The Profoundly Humane Vision of “Groundhog Day” (Stephen Turley, February 1st, 2024, Imaginative Conservative)
And so, Phil interprets his situation as only Phil Connors could: He convinces himself that he is a god. But Phil was soon to learn that there was nothing godlike about him. You see, throughout the movie, Phil would turn a corner where an elderly homeless man would be begging for money, a man Phil avoided as if he were a leper. But on one cold night, Phil decides to walk the old man to a local hospital where he can get warm, and shortly after arriving at the hospital, the old man dies. Deeply moved by this, Phil would spend each day with the old man, [in fact he calls him ‘dad’ and ‘pop’], feeding him at restaurants, keeping him warm, trying to get him healthy, but to no avail. Every night, despite Phil’s administering mouth-to-mouth resuscitation, the old man would pass away. Alas, there were just some things that he could not change.
And it is at this point in Phil’s experience that he begins to discover that what makes life worth living is not immediate gratification, or moral autonomy, or flippant cynicism, or self-deification, but rather encountering those things that give meaning and purpose to our lives. He begins to read great literature and poetry, he begins to learn the piano and ice sculpting, he helps the locals in matters great and small, including catching a boy who falls from a tree every day. In fact, all of Punxsutawney is transformed by the caring attention he gives to those in need. And his affections for Rita transform into a love without reservation and without any hope of his affection ever being returned. In short, the perpetuity of February 2 became an arena in which Phil’s humanity was awakened. And the result is that Rita falls in love with him. And it is then that the cycle comes to an end, Phil wakes up on February 3, the great wheel of life no longer stuck on Groundhog Day, and he lives the rest of his life with his dear Rita…in Punxsutawney, Pa.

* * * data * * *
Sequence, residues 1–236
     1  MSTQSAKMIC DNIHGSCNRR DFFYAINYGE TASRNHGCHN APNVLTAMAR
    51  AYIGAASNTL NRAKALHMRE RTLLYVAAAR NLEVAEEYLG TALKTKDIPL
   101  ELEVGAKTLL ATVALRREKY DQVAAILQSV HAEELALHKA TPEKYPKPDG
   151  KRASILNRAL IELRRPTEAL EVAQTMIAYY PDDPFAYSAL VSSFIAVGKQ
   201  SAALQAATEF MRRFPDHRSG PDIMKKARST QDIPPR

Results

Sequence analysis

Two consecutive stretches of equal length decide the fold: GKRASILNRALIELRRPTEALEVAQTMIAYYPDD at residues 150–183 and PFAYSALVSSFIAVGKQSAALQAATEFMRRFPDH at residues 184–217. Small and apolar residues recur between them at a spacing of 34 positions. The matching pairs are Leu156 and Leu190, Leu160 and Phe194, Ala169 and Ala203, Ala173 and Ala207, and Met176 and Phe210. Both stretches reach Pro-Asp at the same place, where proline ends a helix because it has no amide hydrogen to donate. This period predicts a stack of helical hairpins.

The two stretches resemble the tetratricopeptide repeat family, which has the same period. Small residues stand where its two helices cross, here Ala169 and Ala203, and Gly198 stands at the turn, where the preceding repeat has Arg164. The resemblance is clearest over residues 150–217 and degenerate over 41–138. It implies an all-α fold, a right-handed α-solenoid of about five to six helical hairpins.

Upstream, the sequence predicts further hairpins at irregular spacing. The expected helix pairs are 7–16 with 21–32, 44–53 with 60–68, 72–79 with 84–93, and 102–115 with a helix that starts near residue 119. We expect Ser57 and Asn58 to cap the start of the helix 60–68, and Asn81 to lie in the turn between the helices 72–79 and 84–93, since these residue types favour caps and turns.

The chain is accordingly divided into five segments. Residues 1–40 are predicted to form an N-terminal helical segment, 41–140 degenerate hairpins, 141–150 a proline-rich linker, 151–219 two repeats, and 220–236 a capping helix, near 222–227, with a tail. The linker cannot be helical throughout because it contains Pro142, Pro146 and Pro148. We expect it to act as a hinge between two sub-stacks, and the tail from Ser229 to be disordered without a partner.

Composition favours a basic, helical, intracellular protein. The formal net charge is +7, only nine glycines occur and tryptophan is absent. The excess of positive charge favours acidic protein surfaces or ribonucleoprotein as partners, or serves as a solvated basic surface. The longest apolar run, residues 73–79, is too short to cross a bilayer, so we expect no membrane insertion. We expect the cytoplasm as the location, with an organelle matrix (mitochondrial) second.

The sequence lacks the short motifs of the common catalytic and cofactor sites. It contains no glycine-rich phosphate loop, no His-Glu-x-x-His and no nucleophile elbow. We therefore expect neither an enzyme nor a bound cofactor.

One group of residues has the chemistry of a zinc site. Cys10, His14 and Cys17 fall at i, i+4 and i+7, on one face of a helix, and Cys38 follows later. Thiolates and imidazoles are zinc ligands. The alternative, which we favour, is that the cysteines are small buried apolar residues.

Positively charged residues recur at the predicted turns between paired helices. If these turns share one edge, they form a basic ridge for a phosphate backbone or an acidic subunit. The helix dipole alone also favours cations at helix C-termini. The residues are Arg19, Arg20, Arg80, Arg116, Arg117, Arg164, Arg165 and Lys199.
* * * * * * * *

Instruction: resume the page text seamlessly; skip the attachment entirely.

As I reflect on this film, especially with regard to Phil’s original self-indulgence, I find that it provides a fascinating mirror for the modern age to which we find ourselves waking each morning. For the last few centuries, the Western world and increasingly the East has engaged in an unprecedented and frankly radical experiment in human civilization. We are in the midst of a collective social experiment that is attempting to construct a civilization based solely on scientifically observed cause and effect processes irrespective of any divinely-gifted transcendent meaning. Rooted in Enlightenment conceptions, it was argued that the enthronement of reason would finally realize what humans have hitherto for attempted to achieve through religious pursuits, but to no avail: wars would end, prosperity and technological advance would reign, and social and economic equality was finally within reach. The toll that we all had to pay for such promise, however, was that we collectively had to surrender the concept of meaning—what the Greeks called telos—as a reality divinely embedded in a created order, precisely because the created order has now been replaced with impersonal nature. But this was fine, we were told, since now we have the freedom to impart to life whatever meaning we as individuals choose to give it.
And so, it is to the self that our modern age has turned for meaning and life. Today, it is ubiquitously believed that the self needs to be cultivated and nurtured, and in this process of turning toward the self, there has emerged a sense of entitlement to self-actualization, and an accompanying right to charge with malice anyone or anything that would seek to stifle the self. The result of this collective self-indulgence is what researchers have called in a recent publication “The Narcissism Epidemic.” The authors of this study have noted “a single underlying shift in the American psychology: Not only are there more narcissists than ever, but non-narcissistic people are seduced by the increasing emphasis on material wealth, physical appearance, celebrity worship, and attention seeking.”